P2X - Synthetic fuels from air, water and clean electricity
Low-emission synthetic fuels are becoming a key solution to transform transport carbon neutral and create a fossil-free future. The raw materials required for the fuel are carbon dioxide from the air, hydrogen from water or nitrogen from the air, and clean electricity from solar or wind power. End products such as methane, methanol, dimethyl ether and ammonia are known energy carriers and can also be used as raw materials in the chemical industry. Methane, methanol and dimethyl ether can power existing engines of ships, lorries and cars directly, saving investments during the transition. For the most part the fuel distribution system is already in place and allows us to speed up the transition to carbon neutral world.
LUT University has researched the subject on multiple levels from global modelling of the energy transition to technologies for capturing CO2 from air, chemical synthesis methods and catalysts. LUT scientists started the research in 2014 in the major four year strategic research project NeoCarbon together with VTT. As the result of the research, the findings are turning into a wealth of new business.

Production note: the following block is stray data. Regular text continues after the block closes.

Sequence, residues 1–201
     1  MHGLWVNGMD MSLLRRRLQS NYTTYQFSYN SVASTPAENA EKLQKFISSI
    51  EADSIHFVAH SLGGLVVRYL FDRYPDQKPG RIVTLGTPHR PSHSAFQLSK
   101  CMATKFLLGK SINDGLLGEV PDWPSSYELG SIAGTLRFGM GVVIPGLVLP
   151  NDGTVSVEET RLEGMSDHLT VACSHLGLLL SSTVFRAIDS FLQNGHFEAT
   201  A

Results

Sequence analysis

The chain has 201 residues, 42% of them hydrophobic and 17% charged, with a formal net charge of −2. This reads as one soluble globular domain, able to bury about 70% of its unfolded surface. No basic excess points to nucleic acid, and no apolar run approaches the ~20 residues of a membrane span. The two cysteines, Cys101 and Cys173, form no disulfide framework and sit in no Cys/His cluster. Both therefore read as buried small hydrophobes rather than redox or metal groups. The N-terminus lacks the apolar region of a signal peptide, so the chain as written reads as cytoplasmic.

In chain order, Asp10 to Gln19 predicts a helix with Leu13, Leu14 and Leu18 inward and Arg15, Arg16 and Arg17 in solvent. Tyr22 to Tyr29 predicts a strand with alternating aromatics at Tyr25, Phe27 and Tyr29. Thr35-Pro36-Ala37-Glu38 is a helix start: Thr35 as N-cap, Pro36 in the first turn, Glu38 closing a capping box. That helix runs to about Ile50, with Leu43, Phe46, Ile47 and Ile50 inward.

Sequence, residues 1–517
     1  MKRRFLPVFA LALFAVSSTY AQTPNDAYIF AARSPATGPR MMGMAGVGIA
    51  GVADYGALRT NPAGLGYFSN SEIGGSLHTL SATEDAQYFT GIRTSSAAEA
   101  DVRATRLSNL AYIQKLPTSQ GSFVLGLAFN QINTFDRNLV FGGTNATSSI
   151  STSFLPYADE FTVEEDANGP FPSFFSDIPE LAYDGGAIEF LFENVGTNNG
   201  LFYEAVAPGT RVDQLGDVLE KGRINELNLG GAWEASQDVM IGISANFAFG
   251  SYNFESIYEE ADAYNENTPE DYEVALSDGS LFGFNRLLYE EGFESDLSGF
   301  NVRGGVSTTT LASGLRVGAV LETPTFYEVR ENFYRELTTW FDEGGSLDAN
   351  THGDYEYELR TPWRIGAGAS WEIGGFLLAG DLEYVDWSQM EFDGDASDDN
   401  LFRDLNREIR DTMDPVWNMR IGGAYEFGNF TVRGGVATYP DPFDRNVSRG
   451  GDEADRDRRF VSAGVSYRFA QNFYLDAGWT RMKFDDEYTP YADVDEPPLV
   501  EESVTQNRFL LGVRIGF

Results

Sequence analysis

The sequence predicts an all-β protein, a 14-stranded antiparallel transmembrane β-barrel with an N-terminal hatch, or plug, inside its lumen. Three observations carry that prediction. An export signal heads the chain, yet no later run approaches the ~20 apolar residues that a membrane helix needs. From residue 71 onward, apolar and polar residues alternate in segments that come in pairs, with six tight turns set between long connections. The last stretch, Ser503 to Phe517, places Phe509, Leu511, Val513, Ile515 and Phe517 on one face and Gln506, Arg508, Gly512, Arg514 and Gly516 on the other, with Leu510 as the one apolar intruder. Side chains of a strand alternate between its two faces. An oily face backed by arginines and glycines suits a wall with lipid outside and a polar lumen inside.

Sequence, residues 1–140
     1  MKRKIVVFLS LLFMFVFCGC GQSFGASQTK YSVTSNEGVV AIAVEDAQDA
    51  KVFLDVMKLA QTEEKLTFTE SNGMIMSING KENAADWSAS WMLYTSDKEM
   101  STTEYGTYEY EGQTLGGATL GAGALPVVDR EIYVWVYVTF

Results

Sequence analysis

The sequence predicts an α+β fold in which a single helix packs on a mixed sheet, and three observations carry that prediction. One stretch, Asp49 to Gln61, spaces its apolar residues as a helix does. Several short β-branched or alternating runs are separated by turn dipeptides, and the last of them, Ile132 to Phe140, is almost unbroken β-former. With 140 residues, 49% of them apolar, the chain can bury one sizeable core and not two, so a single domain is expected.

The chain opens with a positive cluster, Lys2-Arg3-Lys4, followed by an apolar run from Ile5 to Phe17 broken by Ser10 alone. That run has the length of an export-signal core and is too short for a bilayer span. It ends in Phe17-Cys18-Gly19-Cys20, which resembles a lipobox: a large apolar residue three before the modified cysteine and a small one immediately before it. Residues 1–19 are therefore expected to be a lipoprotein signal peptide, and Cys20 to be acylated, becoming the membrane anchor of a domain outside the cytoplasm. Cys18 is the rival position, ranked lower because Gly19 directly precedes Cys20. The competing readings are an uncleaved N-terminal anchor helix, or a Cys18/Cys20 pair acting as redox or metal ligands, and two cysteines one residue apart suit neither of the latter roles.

Production of hydrogen from water via electrolysis is still expensive due to the large amounts of electricity needed. LUT has been working towards more economical electrolysis and the results look promising. In order to create industrial size production, however, requires raw materials. Access to hydrogen and carbon dioxide point sources can make the production profitable in large scale.